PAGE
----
What’s the stopping power of your car? How fast can you stop? Of course, that’s a loaded question. The answer is: It depends. It depends on:
- How fast you’re driving
- The maintenance of your vehicle
- How old your brake system is
- What weather conditions are currently
- The make and model of the vehicle
Inherently we know that our cars will stop differently in July than in January. Hot streets create a different experience than a road covered in ice and snow.
And while you might not think about your stopping power every time you jump behind the wheel, you might think about safety. You have a lot going on inside your vehicle. Safety is your number one concern.
This is why brake maintenance should also be top of your list. Brakes keep you safe. Your ultimate goal is to improve stopping power to lower your risk.
What to know about stopping power
What do you need to know about your brakes stopping power? For most drivers, it’s a simple process. Tap on the brakes; the car slows down until it ultimately comes to a stop.
But there’s more to it than that.
Stopping power measures what it takes to bring the vehicle to a stop. It’s the stopping distance as you face everyday driving conditions. Ultimately it depends on:
- How well the brakes work when you tap on the brake pedal
- How well a vehicle reacts when the brake pedal is pressed
- Your perception of driving conditions
- How well you react when you sense a change in driving conditions
In most cases, it takes about three-quarters of a second to perceive a change in driving conditions, and another three-quarters of a second to react and tap the brake pedal to start the braking process. That’s 1.5 seconds before the brakes start doing their job. At a standard 60 mph, your car can travel as much as 120 to 140 feet in that 1.5 seconds.
Once you start the reaction process, it’s the vehicle’s turn takeover. Dry pavement conditions will provide more stopping power than wet pavement. It can easily double or even triple the space needed to bring your vehicle to a complete stop.
All of this is with a car in good working condition. Ignoring regular brake maintenance can increase the time needed to stop, putting you, your passengers, and those around you at risk.
It’s time for brake maintenance
As you continue to drive your car, you’ll get comfortable with how it works. You’ll develop a relationship with it, understanding when it’s trying to communicate with you.
Maybe you hear a strange noise you’ve never heard before. A light flashes on the dashboard. Or an odor becomes apparent when you step on the brakes.
Your vehicle was designed with safety systems to alert you when problems arise. Rarely will systems fail on a dime. Instead, warning signals will be sent, alerting you to potential problems.
If you notice these early, you have time to do something about them. Your brakes are one of the most important systems in your car. Watch for any of these problems. Then take action as soon as possible.
Noisy brakes – Brake pads are the most commonly replaced items within the brake system. The pads are designed with a warning marker to alert you the brake pads are wearing down. You can’t miss this high-pitched squeal. Every time you step on the brake pedal, that squeal will remind you it’s time to replace your brake pads. Ignore it, and the noise will worsen. Wait too long, and it could do more damage to the brake system, possibly warping the rotors. This will increase your repair bill once you bring it in for replacement.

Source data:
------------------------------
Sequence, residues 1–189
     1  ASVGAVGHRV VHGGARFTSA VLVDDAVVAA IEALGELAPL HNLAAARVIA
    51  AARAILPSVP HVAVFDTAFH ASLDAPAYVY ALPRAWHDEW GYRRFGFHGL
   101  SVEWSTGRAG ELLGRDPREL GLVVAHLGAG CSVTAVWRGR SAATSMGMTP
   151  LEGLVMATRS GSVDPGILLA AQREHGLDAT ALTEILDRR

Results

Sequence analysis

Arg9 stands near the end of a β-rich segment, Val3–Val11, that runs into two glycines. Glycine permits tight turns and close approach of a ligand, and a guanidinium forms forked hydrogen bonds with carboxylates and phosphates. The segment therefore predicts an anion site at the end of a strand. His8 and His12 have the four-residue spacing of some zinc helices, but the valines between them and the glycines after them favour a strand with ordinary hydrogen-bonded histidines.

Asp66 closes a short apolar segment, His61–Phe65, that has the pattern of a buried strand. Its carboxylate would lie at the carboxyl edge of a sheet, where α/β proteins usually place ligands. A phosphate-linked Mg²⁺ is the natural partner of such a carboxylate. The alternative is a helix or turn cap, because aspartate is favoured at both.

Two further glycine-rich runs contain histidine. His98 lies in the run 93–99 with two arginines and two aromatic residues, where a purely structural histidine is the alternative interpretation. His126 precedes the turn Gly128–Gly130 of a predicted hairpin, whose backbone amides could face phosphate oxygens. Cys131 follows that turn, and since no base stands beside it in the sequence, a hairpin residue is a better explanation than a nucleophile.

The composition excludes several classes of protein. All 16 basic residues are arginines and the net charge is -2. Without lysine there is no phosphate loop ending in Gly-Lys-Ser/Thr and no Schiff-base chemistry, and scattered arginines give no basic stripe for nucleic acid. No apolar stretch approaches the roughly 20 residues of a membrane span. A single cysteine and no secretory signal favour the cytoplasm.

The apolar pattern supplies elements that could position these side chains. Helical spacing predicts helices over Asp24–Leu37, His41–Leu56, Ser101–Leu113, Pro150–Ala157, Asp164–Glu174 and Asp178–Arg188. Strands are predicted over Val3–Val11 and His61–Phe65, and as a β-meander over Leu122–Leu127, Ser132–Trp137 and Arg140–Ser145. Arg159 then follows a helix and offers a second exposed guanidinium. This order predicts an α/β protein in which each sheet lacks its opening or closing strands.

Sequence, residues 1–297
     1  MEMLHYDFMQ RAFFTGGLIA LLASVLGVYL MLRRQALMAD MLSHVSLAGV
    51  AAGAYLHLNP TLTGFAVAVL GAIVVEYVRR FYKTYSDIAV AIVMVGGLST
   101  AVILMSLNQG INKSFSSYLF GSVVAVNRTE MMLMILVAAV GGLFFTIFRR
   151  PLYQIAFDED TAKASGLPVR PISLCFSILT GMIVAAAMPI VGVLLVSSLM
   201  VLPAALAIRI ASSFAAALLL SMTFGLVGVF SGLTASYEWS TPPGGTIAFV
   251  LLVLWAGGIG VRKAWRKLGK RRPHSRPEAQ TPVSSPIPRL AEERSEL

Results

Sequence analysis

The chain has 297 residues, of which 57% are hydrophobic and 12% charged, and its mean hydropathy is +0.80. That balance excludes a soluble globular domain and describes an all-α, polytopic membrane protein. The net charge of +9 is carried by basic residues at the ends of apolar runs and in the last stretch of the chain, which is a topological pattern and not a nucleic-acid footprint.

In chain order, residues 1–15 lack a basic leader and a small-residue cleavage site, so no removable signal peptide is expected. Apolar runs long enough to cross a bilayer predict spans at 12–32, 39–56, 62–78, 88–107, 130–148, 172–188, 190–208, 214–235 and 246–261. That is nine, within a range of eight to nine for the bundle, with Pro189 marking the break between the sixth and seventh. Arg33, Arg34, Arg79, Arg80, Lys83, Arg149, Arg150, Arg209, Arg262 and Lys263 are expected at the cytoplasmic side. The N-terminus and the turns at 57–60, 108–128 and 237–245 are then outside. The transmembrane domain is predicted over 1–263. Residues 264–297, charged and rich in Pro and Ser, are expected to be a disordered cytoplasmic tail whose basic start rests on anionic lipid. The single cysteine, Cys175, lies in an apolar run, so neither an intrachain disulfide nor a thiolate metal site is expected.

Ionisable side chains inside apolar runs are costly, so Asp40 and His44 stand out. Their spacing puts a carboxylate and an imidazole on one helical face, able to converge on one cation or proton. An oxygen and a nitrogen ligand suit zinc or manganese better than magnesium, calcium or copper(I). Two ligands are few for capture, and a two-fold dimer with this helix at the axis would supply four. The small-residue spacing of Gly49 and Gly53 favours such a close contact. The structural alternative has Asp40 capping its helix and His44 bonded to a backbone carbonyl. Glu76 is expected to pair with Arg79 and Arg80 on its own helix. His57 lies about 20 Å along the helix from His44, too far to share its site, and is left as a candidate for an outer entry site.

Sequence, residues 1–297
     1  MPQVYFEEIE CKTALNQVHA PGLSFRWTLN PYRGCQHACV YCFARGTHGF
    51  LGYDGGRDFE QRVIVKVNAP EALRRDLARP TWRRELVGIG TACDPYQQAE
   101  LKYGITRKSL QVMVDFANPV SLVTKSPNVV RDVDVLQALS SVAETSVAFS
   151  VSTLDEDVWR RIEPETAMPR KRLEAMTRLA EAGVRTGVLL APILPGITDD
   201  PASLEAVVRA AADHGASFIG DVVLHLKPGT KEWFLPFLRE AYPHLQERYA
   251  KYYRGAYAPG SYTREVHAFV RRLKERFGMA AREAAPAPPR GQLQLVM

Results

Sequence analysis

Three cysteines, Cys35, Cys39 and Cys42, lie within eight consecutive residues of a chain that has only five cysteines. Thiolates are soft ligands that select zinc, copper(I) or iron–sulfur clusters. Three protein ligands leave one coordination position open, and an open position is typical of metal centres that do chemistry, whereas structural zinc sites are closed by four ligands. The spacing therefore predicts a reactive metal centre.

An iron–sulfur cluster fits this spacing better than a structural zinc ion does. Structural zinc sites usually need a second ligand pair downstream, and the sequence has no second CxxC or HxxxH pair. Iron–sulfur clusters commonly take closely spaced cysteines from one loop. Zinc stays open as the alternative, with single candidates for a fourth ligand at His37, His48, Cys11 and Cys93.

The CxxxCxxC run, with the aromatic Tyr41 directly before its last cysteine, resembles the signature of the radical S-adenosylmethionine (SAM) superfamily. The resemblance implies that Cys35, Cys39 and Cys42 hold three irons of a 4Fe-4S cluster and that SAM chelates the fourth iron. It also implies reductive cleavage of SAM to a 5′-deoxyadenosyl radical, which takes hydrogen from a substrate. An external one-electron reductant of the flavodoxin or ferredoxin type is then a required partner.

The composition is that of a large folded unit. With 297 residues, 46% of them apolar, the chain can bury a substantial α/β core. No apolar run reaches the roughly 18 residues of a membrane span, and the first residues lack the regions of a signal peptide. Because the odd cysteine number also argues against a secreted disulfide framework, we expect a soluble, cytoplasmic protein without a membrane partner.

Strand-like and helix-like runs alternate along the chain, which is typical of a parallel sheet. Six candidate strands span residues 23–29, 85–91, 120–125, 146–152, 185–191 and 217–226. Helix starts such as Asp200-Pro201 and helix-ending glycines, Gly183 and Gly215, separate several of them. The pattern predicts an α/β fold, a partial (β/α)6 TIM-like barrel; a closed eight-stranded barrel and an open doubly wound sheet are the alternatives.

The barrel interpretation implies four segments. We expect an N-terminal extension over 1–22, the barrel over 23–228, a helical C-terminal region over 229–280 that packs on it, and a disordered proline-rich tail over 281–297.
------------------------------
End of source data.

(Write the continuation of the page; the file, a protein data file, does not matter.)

Smelly brakes – It’s not based on sound alone; you’ll notice a smell along with it. As brake pads wear down and possibly impact the brake caliper, it may begin to produce a scent you won’t be able to ignore. It may be a chemical smell as the wear layer burns down, or a burning smell as the brakes heat up. If you notice it, it’s time to bring them in for maintenance.
Soft brakes – You can’t miss this soft, spongy feel when you press down on the brake pedal. You’ll press down further to get the same job done. Moisture can accumulate in the brake fluid reservoir, allowing the brake fluid to boil from the heat generated as you drive. Air in the brake’s hydraulic system can delay the reaction time between pushing on the brake pedal and stopping.
Hard brakes – The opposite is also true. If you push down on the brake pedal and it’s harder than usual, it’s a sign of misaligned brakes or a brake booster no longer functioning correctly.
Tires – The reason you have trouble stopping might not be your brakes at all. Instead, it could be a tire that can no longer function as designed. When tire tread is too thin or too worn, it doesn’t have the traction to bring your vehicle to a stop. It won’t have the “bite” necessary to grip the road. Bad driving conditions only accelerate this problem. That’s why it’s good to have them checked occasionally.
Are your brakes well maintained?
Good brake maintenance starts with getting to know your car. It’s about feeling how it runs when operating well so that you know when something is off.
There’s no denying that one of the most critical systems on your vehicle is your brakes. If they aren’t working correctly, your stopping power can quickly diminish.
When was the last time you had your brakes checked and maintained? If it’s been a while, now may be the time. With quick servicing, our experts will ensure your vehicle is ready to face the challenges of the road ahead, no matter what the Colorado weather throws our way.